CHOICE membership

Electric and Alternative Vehicle Fuels


Another advance in research into battery technologies.


This could be fun:

it was confirmed that Lotus is planning the hypercar, which will travel at incredible speeds


A little history. Interesting suggestion that incentives for electric vehicles be financed by increasing taxes on fossil fuels. The Murdoch media reaction to any such proposal today would be hilarious.


The WA government plans plans for – plans.


This is the cute little electric car that a solar mob in SA wanted to import to Australia, back in 2001. They actually had one for testing but they were never given permission to begin importing. Can you imagine where our use of electric vehicles would be today, had the powers of the day allowed that?

I had planned to buy one, myself. They thought it would probablu cost around $15k at the time but it seemed like a good deal to me. And, they were already in use in many other countries, so well tested. Oh well. That was then, and this is now. Mahindra is the name of the company now, and I see Mahindra vehicles on the road but I dont know if any are electric. No Revas, anyway.


A great observation on the EV.

Clarkson infamously arranged “drove” a G-Wiz in a 2007 Episode of Top Gear into a barrier at 40mph (approx 65kph). The crash test dummies did not survive. In the fall out some were perhaps desiring J Clarkson had been in the driver’s seat?

In the UK such a vehicle is classified as a quardacycle and can be road registered.

In Australia, surprisingly it is one piece of English legal thinking that does not form part of the road rules. Otherwise we would also be able to use electric powered golf carts for everyday road use. Great for the second car to nip around to the shops, do the school run, or drive to the station. POTUS has a fleet of them.:upside_down_face:

We don’t need better batteries or alternate fuels to take better advantage of what we have available to us.

Electric powered bicycles and scooters and those red hot flaming electric skate boards will only get better.

It is legally ok to ride a one person powered vehicle on most roads, or a horse and cart, neither of which meet everyday vehicle ADRs. We still draw the line at light weight efficient powered vehicles unless they do meet full ADRs.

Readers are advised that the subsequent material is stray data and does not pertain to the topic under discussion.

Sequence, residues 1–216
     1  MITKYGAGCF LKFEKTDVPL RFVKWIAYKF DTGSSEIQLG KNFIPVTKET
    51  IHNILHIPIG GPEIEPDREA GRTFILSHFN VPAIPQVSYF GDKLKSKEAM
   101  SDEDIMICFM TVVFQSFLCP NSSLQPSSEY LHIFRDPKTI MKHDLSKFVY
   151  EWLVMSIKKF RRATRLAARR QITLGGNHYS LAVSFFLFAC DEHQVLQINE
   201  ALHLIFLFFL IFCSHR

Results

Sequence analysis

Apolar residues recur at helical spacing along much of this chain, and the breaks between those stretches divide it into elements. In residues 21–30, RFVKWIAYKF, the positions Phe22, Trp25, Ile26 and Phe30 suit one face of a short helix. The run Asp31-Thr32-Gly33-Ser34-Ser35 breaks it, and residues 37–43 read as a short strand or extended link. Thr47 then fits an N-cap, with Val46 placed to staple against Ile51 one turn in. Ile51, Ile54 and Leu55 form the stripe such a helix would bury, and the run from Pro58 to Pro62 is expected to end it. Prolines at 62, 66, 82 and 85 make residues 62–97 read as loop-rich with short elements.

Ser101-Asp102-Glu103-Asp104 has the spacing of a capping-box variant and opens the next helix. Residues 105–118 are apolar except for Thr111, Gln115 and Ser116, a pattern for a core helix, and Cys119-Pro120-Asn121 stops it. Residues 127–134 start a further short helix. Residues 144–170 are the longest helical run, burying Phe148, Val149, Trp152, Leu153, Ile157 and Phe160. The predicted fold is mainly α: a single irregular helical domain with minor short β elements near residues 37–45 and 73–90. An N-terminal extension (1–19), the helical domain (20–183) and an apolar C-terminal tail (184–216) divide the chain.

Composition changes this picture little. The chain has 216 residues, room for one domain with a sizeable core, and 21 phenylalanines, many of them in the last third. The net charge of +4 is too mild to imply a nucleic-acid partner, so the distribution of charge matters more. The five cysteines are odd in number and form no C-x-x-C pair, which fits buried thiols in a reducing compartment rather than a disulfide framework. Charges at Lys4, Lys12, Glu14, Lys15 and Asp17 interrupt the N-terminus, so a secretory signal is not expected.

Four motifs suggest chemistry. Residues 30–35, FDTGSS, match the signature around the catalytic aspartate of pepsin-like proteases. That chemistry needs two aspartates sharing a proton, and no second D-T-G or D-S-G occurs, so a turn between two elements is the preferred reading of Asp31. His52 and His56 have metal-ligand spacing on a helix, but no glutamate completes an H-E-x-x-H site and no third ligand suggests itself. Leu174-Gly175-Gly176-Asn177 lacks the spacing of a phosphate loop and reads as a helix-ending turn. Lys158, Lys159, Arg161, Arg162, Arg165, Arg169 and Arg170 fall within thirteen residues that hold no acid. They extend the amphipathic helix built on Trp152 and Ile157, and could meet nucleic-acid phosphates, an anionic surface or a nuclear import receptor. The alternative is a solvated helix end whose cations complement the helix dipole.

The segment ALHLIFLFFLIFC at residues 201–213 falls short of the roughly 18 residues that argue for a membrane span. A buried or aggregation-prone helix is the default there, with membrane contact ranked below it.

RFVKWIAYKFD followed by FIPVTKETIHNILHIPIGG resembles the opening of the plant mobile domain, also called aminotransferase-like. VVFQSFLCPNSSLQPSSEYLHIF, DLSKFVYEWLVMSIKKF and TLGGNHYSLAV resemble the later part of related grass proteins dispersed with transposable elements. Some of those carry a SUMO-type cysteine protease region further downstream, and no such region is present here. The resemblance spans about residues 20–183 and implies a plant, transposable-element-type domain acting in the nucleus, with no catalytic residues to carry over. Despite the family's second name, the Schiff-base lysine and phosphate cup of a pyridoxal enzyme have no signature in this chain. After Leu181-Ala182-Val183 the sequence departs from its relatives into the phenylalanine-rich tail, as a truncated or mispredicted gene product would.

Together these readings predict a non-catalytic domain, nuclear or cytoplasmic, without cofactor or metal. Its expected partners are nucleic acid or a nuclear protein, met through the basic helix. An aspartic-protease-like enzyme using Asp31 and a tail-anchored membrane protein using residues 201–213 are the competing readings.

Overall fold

EV’s may be the norm one day, hence the need for better energy/fuel solutions. The heavier and more cumbersome our vehicles, the further the technology needs to improve and the further the costs need to fall, to become everyday.

There are significant vested interests in our million a year new motor vehicle sales market. This includes many after market products and servicing. Perhaps another reason change will not come quickly, except on their terms? Our politicians are in no mood for change in this arena either?


Australia Post to use electric trikes and electric bikes.


I wonder how they will go with registration requirements in Qld? I will be watching with great interest for the near future. Plenty of room for the shopping too!

Our postie used to ride a red Honda. The mail now comes 5 star in a small Hyundai SUV. The new postie has to get out to reach our letter box. No mail if it’s raining? :wink:

I’m not about to move the letter box. It is where it is because the council waste services trucks used to back over it when turning in the drive! :roll_eyes:


On recycling of vehicle batteries:


Infrastructure Australia calls for the rollout of a countrywide network of fast charging sites for electric vehicles.

Presumably there will be a payment required to use the system to recover capital costs and electricity charges.


An article regarding accidents due to faults with battery powered Lime Scooters.

Who would have thought that these things could throw someone over the handlebars?



Hitting a small bump with those tiny solid wheels will throw you over the bars, no need for an electric motor!


More on hydrogen. Some rather unrealistic assumptions. Still very energy-inefficient. Potentially viable, only due to low cost of renewable energy.


An interesting article regarding hydrogen.


A couple of articles regarding converting algae into biofuels.

Great stuff.



I wonder if bacteria like Helicobacter that naturally produce ammonia could be more effectively harvested to provide bulk ammonia as the hydrogen source. Not sure how big a facility might be required but I don’t think a whole lot of gene manipulation would be required as the bacteria already natively carry out the task of the production.


I visited the nickel refinery in Townsville around 1980 and I recall that some settling ponds near the plant were emitting ammonia.

The engineer who was showing us around told us that it was caused by bacteria which existed in the extremely hot and toxic ponds.

I was amazed that anything could actually survive in that enviroment.


The Filipinos seem to be doing quite a lot of work in that field.


The solar cells just add to the range provided by batteries, but it’s interesting.


When unleaded fuel was first marketed in Australia, it was common to smell hydrogen sulphide, aka rotten egg gas, when near a stationary vehicle with its engine running.

I have not noticed this for years.

Is it because the sulphur is now better removed from the unleaded fuel, the hydrogen sulphide is burnt in the engine. the catalytic converter deals with it, or something else?